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Topics: water treatment issues, water quality, degasification, pH levels of water, odor control, water treatment, advanced treatment solutions, biological scrubber, water plant, odor control scrubber, hydrogen sulfide (H2S), pH levels, degasifier, gases

Ammonia Scrubber

Posted by Anthony DeLoach, President on Aug 2, 2018 9:00:00 AM

The type of Odor Control wet scrubber selected for the treatment and neutralization of Ammonia (NH3) gases depends on several variables, including the type and source of the ammonia gas and whether or not it is “Free” ammonia and or unionized. Ammonia is a very miscible and stable molecule with solid hydrogen bonds, making it very soluble in water and difficult to treat without using a properly designed and sized ammonia scrubber. The concentrations, air flow rates, temperature of the gas stream, and chemical reagents being utilized, such as caustic to remove and then treat the ammonia, all play a significant role in the efficiency of the ammonia scrubber system. Unlike other types of “odor control scrubbers,” an ammonia scrubber is much more sensitive to variables such as the gas stream temperature because of the solubility of ammonia.

  Ammonia is produced from nitrogen and hydrogen 

the process is called the Haber Process by combining nitrogen with air and adding pressure, you can make ammonia. It takes about 200 atmospheres of pressure, and the process varies from refinery to refinery. Still, on average, you can only make approximately 15% of ammonia during each pass which takes multiple passes to achieve the 15%. The reaction to make ammonia is exothermic when produced in a refining process.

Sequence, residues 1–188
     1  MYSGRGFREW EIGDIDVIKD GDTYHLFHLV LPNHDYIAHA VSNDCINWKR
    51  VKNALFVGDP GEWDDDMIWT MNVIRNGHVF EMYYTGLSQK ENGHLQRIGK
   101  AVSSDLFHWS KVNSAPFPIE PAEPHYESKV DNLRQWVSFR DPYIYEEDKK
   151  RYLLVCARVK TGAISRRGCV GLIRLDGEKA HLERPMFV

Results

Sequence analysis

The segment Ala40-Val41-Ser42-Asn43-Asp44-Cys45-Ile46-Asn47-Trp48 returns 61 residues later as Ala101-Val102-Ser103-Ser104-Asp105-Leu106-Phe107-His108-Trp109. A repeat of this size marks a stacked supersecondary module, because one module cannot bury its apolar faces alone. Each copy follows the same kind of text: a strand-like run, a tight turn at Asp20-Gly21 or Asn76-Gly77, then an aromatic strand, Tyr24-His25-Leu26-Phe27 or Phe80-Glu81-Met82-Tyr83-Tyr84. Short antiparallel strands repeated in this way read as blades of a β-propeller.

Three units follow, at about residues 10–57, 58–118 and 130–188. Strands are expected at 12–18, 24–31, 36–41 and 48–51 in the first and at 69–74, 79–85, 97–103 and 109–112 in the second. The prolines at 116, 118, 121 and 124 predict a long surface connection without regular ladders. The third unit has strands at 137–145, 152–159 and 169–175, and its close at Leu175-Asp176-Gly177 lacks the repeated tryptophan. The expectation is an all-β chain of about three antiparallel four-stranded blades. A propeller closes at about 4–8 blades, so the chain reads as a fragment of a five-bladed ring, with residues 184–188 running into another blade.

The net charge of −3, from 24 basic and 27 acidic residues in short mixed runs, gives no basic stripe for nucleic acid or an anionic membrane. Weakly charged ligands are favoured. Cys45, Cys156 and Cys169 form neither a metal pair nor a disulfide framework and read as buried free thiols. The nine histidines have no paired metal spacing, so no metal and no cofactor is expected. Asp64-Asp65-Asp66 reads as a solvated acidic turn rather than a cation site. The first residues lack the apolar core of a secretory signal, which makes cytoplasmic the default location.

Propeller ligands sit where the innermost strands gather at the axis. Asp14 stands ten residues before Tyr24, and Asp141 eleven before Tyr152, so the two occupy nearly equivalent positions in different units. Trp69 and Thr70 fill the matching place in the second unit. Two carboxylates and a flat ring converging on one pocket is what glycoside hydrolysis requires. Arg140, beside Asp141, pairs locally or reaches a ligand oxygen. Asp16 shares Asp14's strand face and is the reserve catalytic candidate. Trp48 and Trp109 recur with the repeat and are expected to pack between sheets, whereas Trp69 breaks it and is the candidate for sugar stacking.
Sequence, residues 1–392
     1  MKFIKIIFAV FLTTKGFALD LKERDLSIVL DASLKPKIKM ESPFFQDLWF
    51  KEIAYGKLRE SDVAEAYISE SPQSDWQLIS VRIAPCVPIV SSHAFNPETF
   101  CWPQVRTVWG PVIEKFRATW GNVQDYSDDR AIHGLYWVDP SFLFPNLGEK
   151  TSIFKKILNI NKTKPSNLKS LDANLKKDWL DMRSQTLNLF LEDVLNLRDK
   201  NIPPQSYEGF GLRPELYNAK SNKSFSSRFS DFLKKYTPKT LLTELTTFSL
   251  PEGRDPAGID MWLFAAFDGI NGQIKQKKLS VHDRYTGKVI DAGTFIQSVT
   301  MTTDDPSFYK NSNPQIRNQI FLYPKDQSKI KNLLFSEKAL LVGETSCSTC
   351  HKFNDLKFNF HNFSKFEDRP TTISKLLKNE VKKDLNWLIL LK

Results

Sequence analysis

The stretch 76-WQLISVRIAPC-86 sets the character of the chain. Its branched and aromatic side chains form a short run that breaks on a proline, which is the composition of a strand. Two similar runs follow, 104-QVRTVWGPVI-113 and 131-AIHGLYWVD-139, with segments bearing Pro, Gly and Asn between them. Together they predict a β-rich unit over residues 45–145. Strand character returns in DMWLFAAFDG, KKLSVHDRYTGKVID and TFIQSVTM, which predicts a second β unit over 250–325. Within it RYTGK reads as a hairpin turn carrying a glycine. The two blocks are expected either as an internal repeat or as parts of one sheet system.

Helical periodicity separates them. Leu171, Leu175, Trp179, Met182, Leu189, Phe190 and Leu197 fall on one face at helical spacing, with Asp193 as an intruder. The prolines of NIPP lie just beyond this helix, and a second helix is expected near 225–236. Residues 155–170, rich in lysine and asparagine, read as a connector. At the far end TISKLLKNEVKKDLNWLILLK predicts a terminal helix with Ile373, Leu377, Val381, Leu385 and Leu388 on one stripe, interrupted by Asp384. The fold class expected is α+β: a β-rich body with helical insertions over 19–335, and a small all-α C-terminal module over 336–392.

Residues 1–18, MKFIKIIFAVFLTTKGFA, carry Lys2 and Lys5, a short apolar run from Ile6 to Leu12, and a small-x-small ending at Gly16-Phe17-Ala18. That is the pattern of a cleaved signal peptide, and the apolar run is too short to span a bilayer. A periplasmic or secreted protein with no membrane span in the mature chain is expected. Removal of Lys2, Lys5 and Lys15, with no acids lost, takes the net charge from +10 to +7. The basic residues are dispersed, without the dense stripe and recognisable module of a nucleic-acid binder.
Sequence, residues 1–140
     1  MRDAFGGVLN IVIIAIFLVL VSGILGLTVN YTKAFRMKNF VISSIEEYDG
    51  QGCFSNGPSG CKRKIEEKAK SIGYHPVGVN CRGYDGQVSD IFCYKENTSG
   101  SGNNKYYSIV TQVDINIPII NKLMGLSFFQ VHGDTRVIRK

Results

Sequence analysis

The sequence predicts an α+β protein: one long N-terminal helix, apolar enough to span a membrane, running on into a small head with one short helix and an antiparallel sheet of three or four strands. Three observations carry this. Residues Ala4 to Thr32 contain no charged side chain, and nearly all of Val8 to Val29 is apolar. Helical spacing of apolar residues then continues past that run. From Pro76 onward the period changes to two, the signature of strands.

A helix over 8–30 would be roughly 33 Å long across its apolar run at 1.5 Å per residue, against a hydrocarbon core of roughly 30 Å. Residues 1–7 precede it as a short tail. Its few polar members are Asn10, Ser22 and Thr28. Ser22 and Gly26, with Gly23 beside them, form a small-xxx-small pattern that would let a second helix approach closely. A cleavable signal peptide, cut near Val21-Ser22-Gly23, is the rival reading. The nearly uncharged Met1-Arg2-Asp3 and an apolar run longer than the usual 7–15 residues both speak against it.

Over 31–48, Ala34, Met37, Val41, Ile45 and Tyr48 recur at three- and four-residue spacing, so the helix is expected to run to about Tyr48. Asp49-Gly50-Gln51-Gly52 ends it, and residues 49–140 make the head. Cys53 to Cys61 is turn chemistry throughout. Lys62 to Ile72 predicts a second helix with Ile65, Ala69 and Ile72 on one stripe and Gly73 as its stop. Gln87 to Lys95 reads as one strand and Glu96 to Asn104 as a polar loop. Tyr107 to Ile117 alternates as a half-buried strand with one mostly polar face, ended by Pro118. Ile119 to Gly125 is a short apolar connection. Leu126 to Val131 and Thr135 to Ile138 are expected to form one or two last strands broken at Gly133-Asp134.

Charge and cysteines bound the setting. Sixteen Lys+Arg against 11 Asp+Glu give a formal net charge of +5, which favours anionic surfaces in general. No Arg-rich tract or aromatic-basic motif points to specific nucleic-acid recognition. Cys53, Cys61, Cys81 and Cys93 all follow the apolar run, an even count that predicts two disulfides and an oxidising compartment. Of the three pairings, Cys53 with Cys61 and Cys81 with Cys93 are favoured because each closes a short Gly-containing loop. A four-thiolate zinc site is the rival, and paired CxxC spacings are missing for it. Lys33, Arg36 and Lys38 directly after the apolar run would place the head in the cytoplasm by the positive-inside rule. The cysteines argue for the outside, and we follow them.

However, ammonia is also formed in nature in smaller quantities. Most ammonia (90%) is utilized for fertilizer production, but ammonia can be found in food, pharmaceutical products, and cleaning supplies. When ammonia gas is released into the air, it has a very noxious and pungent odor that can be dangerous to inhale, so often, odor control scrubbers are required to capture and treat the ammonia gas.

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Topics: water treatment issues, water quality, degasification, pH levels of water, odor control, water treatment, advanced treatment solutions, biological scrubber, water plant, odor control scrubber, hydrogen sulfide (H2S), Chemical Odor, pH levels, Decarbonation, dissolved gases, wastewater, degasifier, gases, H2S Degasifier, Ammonia

The Basics of Water Degasification

Posted by Anthony DeLoach, President on Jul 24, 2018 9:13:00 AM

The water treatment industry has developed and evolved over the years to continue to find new ways to produce degassed water,

with many advances in both the technological methods of treatment as well as the refinement of the existing methods. The evolution of water treatment has been driven by the need for increased demand and over safety standards.

All human cultures on our planet share a 

single commonality and

that is the dependency on water to survive.

Many existing technologies such as “degasification” have evolved with higher efficiency to meet the demand changes and provide safety to consumers and to systems. Degasification refers to the removal of dissolved gases from liquids and the science to degasify water is based upon the “Henry’s Law” or to be exact the “proportionality factor is called the Henry’s law constant” and was developed by William Henry in the early 19th century.